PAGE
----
The researchers' models revealed that coastal and central China and Egypt's Nile Delta are danger zones where bird flu could combine with human flu to create a virulent kind of super-flu;
© panthermedia.net/Mile Atanasov
This year's unusually long and rocky flu season would be nothing compared to the pandemic that could occur if bird flu became highly contagious among humans, which is why researchers of the University of California – Los Angeles (UCLA) and their colleagues are creating new ways to predict where an outbreak could emerge.
"Using surveillance of influenza cases in humans and birds, we have come up with a technique to predict sites where these viruses could mix and generate a future pandemic," said lead author Trevon Fuller.
The researchers' models revealed that coastal and central China and Egypt's Nile Delta are danger zones where bird flu could combine with human flu to create a virulent kind of super-flu.
Governments can prioritize these zones — and use the researchers' models to identify other hotspots — for increased monitoring of flu in humans, livestock, poultry and wild birds. That could help detect a novel flu virus before it spreads worldwide, the researchers said.
Previous pandemics, such as the 1957 and 1968 influenzas that each killed more than a million people or the 2009 H1N1 swine flu outbreak that killed 280,000 worldwide, developed when viruses from humans and animals exchanged genes to create a new virus in a process called reassortment. Recent research using mice confirms that genes from bird flu and human flu can combine to create dangerous new flu strains. Swine, which are susceptible to both bird and human flu, could serve as a mixing vessel for reassortment between the two viruses.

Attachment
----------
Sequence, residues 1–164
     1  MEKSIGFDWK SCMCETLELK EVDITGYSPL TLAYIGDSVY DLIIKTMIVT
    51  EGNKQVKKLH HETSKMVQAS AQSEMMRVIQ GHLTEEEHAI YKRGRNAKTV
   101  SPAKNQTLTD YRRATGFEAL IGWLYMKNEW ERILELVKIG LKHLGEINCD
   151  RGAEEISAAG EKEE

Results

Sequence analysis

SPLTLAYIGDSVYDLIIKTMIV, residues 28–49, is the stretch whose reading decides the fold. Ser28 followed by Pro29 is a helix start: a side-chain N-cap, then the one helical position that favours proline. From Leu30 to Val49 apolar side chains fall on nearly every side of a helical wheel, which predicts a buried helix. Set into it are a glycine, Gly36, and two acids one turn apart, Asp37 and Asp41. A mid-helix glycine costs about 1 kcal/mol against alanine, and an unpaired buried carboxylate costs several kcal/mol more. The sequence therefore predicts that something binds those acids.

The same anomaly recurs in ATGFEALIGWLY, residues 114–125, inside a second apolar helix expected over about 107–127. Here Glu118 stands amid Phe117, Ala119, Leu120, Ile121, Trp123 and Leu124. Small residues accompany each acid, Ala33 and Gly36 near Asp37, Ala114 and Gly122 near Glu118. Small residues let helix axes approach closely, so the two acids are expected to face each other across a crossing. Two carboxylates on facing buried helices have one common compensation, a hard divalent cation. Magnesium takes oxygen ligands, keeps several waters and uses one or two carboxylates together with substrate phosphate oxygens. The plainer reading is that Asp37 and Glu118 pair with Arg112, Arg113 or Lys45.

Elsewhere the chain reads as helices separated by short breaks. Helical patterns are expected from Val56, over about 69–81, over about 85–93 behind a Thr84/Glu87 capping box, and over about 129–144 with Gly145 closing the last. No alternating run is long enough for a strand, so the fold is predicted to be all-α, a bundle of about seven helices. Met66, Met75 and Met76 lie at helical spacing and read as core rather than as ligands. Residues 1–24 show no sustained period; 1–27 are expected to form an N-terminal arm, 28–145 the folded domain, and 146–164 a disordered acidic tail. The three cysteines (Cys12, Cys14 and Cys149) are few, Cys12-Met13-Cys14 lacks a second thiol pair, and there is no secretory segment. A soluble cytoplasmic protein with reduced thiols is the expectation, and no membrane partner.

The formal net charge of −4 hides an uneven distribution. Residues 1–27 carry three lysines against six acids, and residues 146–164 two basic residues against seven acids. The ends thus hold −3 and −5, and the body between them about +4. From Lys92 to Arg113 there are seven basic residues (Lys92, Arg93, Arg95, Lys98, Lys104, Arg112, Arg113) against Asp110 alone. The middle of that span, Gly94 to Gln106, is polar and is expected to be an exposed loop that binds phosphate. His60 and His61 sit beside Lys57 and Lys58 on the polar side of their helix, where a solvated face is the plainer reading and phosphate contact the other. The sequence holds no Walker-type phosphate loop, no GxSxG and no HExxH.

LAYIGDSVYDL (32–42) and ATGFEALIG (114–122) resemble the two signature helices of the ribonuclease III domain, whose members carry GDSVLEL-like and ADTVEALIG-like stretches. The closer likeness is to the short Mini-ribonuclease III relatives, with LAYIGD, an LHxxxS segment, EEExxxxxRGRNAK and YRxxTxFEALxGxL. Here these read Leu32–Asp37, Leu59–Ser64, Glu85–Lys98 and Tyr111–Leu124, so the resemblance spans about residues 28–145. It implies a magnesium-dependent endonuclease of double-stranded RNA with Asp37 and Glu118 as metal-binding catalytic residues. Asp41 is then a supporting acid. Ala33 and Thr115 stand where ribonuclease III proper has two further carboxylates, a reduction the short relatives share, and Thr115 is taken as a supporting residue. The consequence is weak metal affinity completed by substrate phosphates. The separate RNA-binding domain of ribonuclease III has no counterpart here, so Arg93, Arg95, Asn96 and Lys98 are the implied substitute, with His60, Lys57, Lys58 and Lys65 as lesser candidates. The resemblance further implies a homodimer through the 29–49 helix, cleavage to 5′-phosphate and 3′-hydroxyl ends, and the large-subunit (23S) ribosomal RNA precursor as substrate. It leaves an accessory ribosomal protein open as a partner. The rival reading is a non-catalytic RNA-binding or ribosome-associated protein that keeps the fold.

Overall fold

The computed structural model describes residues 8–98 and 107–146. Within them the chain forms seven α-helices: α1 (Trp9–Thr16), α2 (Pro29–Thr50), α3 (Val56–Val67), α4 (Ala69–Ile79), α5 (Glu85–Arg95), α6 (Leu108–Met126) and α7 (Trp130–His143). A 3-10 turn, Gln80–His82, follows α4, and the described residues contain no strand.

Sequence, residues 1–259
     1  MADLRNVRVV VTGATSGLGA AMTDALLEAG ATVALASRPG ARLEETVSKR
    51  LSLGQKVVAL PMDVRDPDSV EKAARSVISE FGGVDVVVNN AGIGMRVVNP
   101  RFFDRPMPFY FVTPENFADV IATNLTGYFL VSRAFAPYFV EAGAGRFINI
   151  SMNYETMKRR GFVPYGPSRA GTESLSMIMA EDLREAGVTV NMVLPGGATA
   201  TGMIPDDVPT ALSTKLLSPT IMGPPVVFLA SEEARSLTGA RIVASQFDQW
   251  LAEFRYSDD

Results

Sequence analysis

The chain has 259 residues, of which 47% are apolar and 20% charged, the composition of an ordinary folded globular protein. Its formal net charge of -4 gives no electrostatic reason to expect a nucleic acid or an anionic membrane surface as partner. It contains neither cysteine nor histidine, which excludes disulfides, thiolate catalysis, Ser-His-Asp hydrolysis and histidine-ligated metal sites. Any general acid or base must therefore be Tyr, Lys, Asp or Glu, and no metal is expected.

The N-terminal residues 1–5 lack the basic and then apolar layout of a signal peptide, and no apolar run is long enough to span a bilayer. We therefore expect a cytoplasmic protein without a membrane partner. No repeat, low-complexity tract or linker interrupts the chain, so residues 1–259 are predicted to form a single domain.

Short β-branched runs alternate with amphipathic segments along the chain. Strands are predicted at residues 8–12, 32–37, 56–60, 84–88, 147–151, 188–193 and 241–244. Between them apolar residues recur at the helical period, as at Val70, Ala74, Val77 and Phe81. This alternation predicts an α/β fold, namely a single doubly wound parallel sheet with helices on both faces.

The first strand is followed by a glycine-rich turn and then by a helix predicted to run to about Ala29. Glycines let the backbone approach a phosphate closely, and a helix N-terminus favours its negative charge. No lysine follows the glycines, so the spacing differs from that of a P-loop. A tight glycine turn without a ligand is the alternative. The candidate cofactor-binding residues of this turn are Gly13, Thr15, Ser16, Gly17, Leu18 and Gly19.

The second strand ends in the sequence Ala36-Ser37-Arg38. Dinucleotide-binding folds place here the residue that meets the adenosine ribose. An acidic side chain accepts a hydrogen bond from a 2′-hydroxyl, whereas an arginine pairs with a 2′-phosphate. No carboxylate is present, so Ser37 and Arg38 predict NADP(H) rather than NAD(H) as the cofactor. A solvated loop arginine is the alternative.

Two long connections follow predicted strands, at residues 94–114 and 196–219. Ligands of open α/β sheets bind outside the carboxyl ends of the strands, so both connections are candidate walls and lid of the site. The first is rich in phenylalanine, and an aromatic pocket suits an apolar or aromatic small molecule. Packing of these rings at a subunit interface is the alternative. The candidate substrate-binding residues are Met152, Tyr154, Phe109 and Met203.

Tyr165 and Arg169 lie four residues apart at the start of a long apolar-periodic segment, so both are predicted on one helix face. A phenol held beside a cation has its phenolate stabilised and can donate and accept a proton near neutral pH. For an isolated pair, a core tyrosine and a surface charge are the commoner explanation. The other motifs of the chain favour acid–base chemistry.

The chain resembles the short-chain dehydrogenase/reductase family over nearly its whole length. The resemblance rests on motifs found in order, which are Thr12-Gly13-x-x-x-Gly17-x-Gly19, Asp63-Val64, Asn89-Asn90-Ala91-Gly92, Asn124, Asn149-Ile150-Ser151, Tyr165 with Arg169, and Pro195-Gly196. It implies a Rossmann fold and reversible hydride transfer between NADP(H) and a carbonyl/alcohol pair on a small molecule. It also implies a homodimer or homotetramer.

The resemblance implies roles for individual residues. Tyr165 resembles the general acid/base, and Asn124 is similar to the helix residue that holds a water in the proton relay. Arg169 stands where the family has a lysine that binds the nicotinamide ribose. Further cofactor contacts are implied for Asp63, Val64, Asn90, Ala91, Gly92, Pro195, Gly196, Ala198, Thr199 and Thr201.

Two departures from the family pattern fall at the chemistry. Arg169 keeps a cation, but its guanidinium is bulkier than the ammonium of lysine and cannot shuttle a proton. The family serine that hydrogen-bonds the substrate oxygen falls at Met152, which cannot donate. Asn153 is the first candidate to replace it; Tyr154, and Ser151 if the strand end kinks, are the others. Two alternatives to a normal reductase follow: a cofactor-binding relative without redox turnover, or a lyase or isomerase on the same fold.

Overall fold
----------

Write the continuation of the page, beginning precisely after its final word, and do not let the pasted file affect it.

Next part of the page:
"The mixing of genetic material between the seasonal human flu virus and bird flu can create novel virus strains that are more lethal than either of the original viruses," said senior author Thomas Smith. "These findings predicting potential outbreak sites can help decision-makers prioritize the most important areas where people, poultry and livestock should be vaccinated and animals should be monitored for novel viruses, which could help predict and prevent the next pandemic," he said.
The researchers looked for locations where bird flu outbreaks, human flu outbreaks and swine populations overlapped to predict hotspots where reassortment is more likely. The research focused on two flu strains that studies in mice have shown can combine with lethal results: the seasonal H3N2 human flu, and the H5N1 strain of bird flu that has occasionally crossed over into humans. Currently, H5N1 has a 60 percent mortality rate in humans but is not known to spread between humans frequently.
While the World Health Organization has identified six countries as hosts to ongoing, widespread bird flu infections in poultry in 2011 — China, Egypt, India, Vietnam, Indonesia and Bangladesh — the UCLA researchers and their colleagues had limited data to work with. Not all flu outbreaks, whether bird or human, are tracked. The scientists had to identify indicators of flu outbreaks, such as dense poultry populations, or rain and temperatures that encourage flu transmission.
"For each type of flu, we identified variables that were predictive of the various virus strains," Fuller said. "We wanted a map of predictions continuously across the whole country, including locations where we did not have data on flu outbreaks."
MEDICA.de; Source: University of California – Los Angeles (UCLA)